Hawaii has come long way in 50 years
Within minutes, Associate Justice Masaji Marumoto of the Hawai'i Supreme Court administered oaths of office to Quinn and Lt. Gov. James Kealoha before a packed house in the executive chambers of 'Iolani Palace.
Thus began a week of grand public displays of pride and patriotism, even as those quietly opposed to statehood mourned the passing of the last vestiges of Hawaiian independence. (LIE)
READ: Hawaii Statehood: Tiny 1959 opposition was anti-Japanese, not anti-American
Rich culture vital to Hawaii's state
Alaska, which won statehood seven months earlier, celebrated its anniversary with concerts, fireworks and a prize-winning float in California's Rose Parade, capping a year-long observance. That level of gaiety in Hawaii would have triggered confrontation with many Hawaiians resentful of how the kingdom was overthrown at the instigation of Americans in 1893.
Re-examine post-statehood identity
Early in 1970 there was an announcement on a radio station that invited anyone concerned about "justice for the Hawaiian people" to a meeting off-campus near University of Hawaii-Manoa. A handful of us showed up.
This was the beginning of a few native Hawaiians, locals and supporters questioning the direction statehood had taken these Hawaiian islands since the overthrow, imprisonment of our Queen Liliuokalani and the theft of our Hawaiian nation.
(M. Akaka correctly points to the origins of the so-called sovereignty movement in campus radical activism.)
Peaceful protests greet Admission Day
About 1,000 demonstrators who would rather see Hawaii's independence restored are expected to rally today outside the conference at the Hawaii Convention Center.
HA: All quiet on Iolani Palace grounds
Maui: Protesters see no reason to celebrate
KGI: Statehood! From agriculture to tourism, 50 years of economic changes
Eco propaganda: Statehood as enviro disaster....
Maui News: The effects of statehood differ among Hawaiians
more cultural nationalist propaganda...but this bit of honesty slipped in...
Lanai activist, publisher and farmer Alberta de Jetley, 64, recalls the emergency sirens going off during the school lunch hour to mark the achievement of statehood.
"We all thought it was a good thing," said de Jetley, whose mother is half Native Hawaiian. "In those days, we didn't even think of sovereignty. I was excited that we were going to become 100 percent Americans."
Preliminary Testing Results Show 187 Schools Did Not Meet Standards by NCLB
Meaning thirty-four percent of Hawaii schools passed, an eight percent drop from last year.
"Its saying basically that all children are going to learn everything all at the same rate and that's not we are all different and we all do better in certain things and so we are not ever going to have all kids learning the same thing at the same time," said Board of Education member, Maggie Cox.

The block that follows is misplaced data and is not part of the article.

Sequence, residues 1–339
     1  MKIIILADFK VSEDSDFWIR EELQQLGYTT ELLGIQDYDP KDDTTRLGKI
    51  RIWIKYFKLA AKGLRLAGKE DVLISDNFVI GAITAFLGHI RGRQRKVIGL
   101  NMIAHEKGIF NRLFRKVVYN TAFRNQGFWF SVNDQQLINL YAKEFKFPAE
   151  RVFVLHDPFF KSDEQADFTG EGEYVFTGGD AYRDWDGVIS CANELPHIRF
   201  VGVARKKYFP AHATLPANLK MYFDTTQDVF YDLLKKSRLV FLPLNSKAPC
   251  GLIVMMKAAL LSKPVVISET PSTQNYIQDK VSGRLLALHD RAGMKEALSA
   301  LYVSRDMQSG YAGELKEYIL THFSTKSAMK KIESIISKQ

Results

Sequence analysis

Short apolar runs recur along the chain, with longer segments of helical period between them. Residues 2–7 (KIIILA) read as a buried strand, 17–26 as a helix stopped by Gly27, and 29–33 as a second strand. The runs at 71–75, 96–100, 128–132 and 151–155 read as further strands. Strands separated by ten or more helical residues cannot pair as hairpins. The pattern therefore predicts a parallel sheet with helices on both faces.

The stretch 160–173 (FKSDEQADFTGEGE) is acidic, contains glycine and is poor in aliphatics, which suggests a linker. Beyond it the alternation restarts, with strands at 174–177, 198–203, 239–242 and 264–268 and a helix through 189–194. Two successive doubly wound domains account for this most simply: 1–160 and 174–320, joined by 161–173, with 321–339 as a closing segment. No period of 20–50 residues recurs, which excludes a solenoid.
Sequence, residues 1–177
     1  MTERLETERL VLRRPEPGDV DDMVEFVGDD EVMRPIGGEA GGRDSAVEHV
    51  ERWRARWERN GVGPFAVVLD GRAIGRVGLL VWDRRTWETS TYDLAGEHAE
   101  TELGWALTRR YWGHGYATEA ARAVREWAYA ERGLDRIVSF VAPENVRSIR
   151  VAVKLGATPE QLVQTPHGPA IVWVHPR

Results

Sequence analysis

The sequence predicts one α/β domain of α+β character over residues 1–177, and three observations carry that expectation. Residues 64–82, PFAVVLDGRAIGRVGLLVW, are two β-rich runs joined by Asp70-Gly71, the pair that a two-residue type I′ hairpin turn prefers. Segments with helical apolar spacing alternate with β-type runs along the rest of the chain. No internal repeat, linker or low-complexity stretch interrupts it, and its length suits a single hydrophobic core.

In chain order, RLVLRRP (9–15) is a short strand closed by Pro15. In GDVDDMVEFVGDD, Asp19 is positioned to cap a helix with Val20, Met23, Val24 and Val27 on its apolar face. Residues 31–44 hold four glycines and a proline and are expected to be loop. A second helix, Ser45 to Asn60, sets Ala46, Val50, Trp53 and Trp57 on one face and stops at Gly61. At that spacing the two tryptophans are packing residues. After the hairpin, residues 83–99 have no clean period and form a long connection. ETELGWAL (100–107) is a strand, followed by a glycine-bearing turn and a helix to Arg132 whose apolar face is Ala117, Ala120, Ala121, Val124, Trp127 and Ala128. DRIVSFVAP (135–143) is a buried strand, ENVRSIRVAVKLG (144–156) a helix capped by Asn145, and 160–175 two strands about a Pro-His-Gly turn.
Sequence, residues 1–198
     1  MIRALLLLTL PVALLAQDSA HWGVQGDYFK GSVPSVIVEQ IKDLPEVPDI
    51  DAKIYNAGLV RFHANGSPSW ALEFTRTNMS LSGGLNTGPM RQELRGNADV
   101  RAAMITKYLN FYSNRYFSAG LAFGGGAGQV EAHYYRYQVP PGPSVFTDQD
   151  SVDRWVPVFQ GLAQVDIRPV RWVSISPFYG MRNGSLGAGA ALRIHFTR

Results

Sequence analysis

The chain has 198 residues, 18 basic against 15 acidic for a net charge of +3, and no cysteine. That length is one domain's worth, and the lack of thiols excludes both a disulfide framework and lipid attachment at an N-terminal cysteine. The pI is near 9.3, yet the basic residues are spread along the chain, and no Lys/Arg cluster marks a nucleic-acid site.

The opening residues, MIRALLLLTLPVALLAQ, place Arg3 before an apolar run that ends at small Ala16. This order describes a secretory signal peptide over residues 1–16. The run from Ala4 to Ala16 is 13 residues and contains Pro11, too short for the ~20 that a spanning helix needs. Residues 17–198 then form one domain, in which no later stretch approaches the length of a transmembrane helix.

(And Cox's nonsense is the kind of "thought" which has been used to excuse failure after failure .)
And here's the version from the Advertiser, correctly tagged as part of the problem by Randy Roth: Hawaii students getting better at math, reading
State health plan raises alarm
A state plan to scale back health care benefits to about 7,500 adult Micronesians — including no longer covering dialysis treatment or chemotherapy — could be a "death sentence" for some, advocates and patients' relatives warned at a legislative briefing yesterday.
The new plan goes into effect Sept. 1, and is aimed at saving the state about $15 million a year. It replaces a comprehensive health care coverage plan the state started providing to low-income, adult Micronesians in 1996, when Congress made them ineligible for federally funded care.
Officials said the state no longer has the money for the comprehensive plan.
Under the new plan, about 100 Micronesians would no longer get their dialysis treatment covered.
(Sacrificed on the altar to HGEA)
Island Hotel Occupancy Down To Record Levels
Hawaii hotel room revenues fell by $339 million to $1.22 billion in the first half 2009. The loss was driven by a combination of a 7.8 percentage point decrease in occupancy to 66.0 percent, which is the lowest ever recorded since the survey began in 1987, according to the survey.
HA: Hawaii hotels suffer 5th straight month of record low occupancy
Unemployment rate falls
While Hawaii's government, trade, transportation, utilities, and professional and business sectors gained jobs last month, jobs were cut from the educational and health services, leisure and hospitality, and financial activities sectors.
HA: Isles' jobless rate drops to 7% in July
Hannemann Administration Misled the Honolulu City Council on Rail Finances
The principal change in the May 1 Plan from the Draft EIS is an admission that the City was not going to be able to collect the $4.054 billion they had projected from the GE Tax. Instead they now project collecting $3.316 billion (p. 2-12), which if added to the 2007/8 collection totals $3.534 billion, or a $520 million shortfall....
RELATED: City criticized for not revealing potential shortfall in rail funding , City's statement in response to questions about rail funding , Public needs transparency in rail planning
Controversy Among Honolulu's Rail Funding | Video
Governors resist Reserve plan
Gov. Linda Lingle has joined other state chief executives in opposing a congressional proposal that would expand the Pentagon's control of Reserve troops in domestic disasters.
Maj. Gen. Bob Lee, who as state adjutant general controls Hawaii's 5,500 Hawaii Army and Air Guard troops, said the proposal could lead to confusion about who's in charge during natural and man-made disasters and could result in duplicate response levels.